When reflecting upon the “goodness” of any new technology, we naturally tend to observe mostly, the enhancements and obsoletions that it will be produced, but we also tend to ignore the invisible set of environmental services that these technologies generate that will also change how we perceive the world around us. “We shape our tools and they shape us instead”, so what does it mean to easily generate impressive texts or images in the blink of an eye? As I look at this beautiful AI image that was shared i can´t help to feel conflicted. Have I known it was made by a human I would accept it as art, but, once realizing it is AI generated, I feel reluctant to recognize it as so. So, what is art? An exclusively human form of expression? Or do all lifeforms are capable of art? Or is art a state of mind that can be invoked under certain circumstances? Or as the Polynesian say “We have no art, we do everything as best as we can”.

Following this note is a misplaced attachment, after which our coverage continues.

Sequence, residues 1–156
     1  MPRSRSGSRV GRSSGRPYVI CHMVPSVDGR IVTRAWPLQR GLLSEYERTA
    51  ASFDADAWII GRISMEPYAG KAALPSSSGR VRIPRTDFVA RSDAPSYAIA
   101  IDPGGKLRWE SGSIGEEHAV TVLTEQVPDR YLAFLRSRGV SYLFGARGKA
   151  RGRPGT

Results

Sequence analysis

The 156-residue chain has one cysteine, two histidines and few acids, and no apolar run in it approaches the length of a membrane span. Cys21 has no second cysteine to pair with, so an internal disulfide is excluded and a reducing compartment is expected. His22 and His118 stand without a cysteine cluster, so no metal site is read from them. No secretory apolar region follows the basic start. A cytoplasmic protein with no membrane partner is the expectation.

“We monkeys only think we are running the show” throbs constantly in my mind… thank you Dennis. It always reminds me that at the end of the day we a are just “clever, but not wise“. We are graced with the paradoxical mysterious tremendum of life in a momentary cosmic breath. In our time, we live plunged in a multitude of tech extensions that many times are just distractions preventing us to experience the plenitude of being conscient star dust, hitchhiking on rock across the galaxies.